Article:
Inmate Access to Internet: Is it a Constitutional Right?
Technology has had a significant impact over our society, for better and for worse. Access to the Internet has been used for good and bad purposes, and such an incredible tool can make a significant difference to a person’s life. Technology is slowly but surely coming to the prison system, as more or more our accustomed habits are being moved from the “manual” to the “technological.”
Consequences of Lack of Access to the Internet
Inmates who have been incarcerated for years are missing the formative years of technological progress. Though the inmate population is not completely isolated from the shift, inmates who have served their sentence get out of jail, unprepared for the shifted society. They are unfit for the job market, especially as companies are becoming paper-less. Unemployment, as well as a lack of finances to upgrade their tech skill sets, send many inmates back to the prisons and increase the recidivism rate.
Is Access to the Internet a Decidedly Fundamental Right?
Access to the internet by inmates has yet to be determined by courts, or more specifically the Supreme Court. There is a substantial list that invokes the negatives and positives of prisoners using the internet. Many believe the Internet can help prisoners stay connected to family and friends for support, review information regarding the criminal justice system and their cases, and help integrate prisoners into the mainstream once they have been released. However, there have been reports that inmates have threatened and intimidated witnesses, have reconnected with old cronies, and have used the internet to stay connected with criminal activity.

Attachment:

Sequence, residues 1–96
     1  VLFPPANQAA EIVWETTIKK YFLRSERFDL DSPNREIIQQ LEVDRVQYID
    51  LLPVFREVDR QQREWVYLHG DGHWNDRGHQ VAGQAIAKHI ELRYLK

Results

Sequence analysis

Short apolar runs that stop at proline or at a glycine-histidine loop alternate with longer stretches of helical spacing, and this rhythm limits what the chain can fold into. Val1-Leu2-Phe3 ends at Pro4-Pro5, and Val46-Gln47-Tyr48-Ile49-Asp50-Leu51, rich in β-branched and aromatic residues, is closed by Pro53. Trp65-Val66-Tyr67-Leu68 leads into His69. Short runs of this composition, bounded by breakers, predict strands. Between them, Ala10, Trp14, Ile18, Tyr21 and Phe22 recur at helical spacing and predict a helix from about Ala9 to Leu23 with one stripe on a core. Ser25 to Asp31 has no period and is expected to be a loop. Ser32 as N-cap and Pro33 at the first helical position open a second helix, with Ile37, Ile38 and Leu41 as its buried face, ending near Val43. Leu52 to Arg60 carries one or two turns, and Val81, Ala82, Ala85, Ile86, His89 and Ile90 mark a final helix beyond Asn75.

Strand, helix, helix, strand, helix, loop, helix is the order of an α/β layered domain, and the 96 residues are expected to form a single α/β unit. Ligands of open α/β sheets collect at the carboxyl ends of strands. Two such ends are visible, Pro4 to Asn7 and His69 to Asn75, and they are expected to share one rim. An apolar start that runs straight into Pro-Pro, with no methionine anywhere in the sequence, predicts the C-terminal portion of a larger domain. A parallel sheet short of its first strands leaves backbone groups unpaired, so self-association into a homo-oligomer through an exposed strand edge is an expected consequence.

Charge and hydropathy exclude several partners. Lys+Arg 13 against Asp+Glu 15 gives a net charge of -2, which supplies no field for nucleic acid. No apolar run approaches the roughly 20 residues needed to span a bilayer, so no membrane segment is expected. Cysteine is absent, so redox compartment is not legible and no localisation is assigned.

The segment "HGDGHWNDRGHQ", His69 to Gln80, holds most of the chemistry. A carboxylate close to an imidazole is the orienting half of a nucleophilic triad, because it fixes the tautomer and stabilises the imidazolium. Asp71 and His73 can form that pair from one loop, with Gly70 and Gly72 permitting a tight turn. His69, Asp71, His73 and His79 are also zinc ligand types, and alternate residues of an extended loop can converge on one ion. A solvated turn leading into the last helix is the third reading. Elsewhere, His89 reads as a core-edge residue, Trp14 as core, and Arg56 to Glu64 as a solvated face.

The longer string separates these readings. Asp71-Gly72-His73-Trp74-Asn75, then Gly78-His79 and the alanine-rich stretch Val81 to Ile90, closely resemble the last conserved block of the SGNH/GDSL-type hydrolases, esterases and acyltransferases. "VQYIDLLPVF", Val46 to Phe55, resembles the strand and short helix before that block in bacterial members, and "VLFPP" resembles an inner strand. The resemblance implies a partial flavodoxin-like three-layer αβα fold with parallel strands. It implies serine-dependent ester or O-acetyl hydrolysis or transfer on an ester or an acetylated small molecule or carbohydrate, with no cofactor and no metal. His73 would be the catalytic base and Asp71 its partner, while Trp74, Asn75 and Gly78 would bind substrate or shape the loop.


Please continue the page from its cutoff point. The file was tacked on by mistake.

Does Access to the Internet Equate to First Amendment’s Freedom of Speech?
The question that is on prisons’ and prisoners’ minds alike is whether internet access is a fundamental right. According a 2011 U.N. Report and several reports from other major humanitarian organizations, these reports reveal that these organizations do in fact believe the internet to be a fundamental right, largely because of the access to knowledge and the fast-paced forum for today’s modern society, but also because as a modern device, the internet has become one of the largest mediums for First Amendment rights. The right to be able to express oneself is still fundamental, even to those incarcerated. Though rights of the incarcerated are significantly limited because of the interest of the state to limit these rights as a part of the inmates’ punishments, the freedom of speech remains supreme, even with some limitations that are part of it. Many argue that the right to use the internet is the right to express one’s point of view, therefore, a limitation on the use of internet is ultimately a modern-day limitation on an inmate’s ability to express himself or herself with pen and paper.
The Current, Accessibility Status Quo
Currently only four states – Connecticut, Hawaii, Kansas, and Louisiana – permit inmates access to a limited amount of internet; Louisiana prisons only permit inmates who are to be released within 45 days access to the internet, while Kansas whittled down internet access to minimum security prisons. Federal prisons have been more liberal in increasing access by permitting inmates to have email (both sending and receiving) through an established system known as TRULINCS where the inmates may only email with authorized individuals and all emails are closely monitored.
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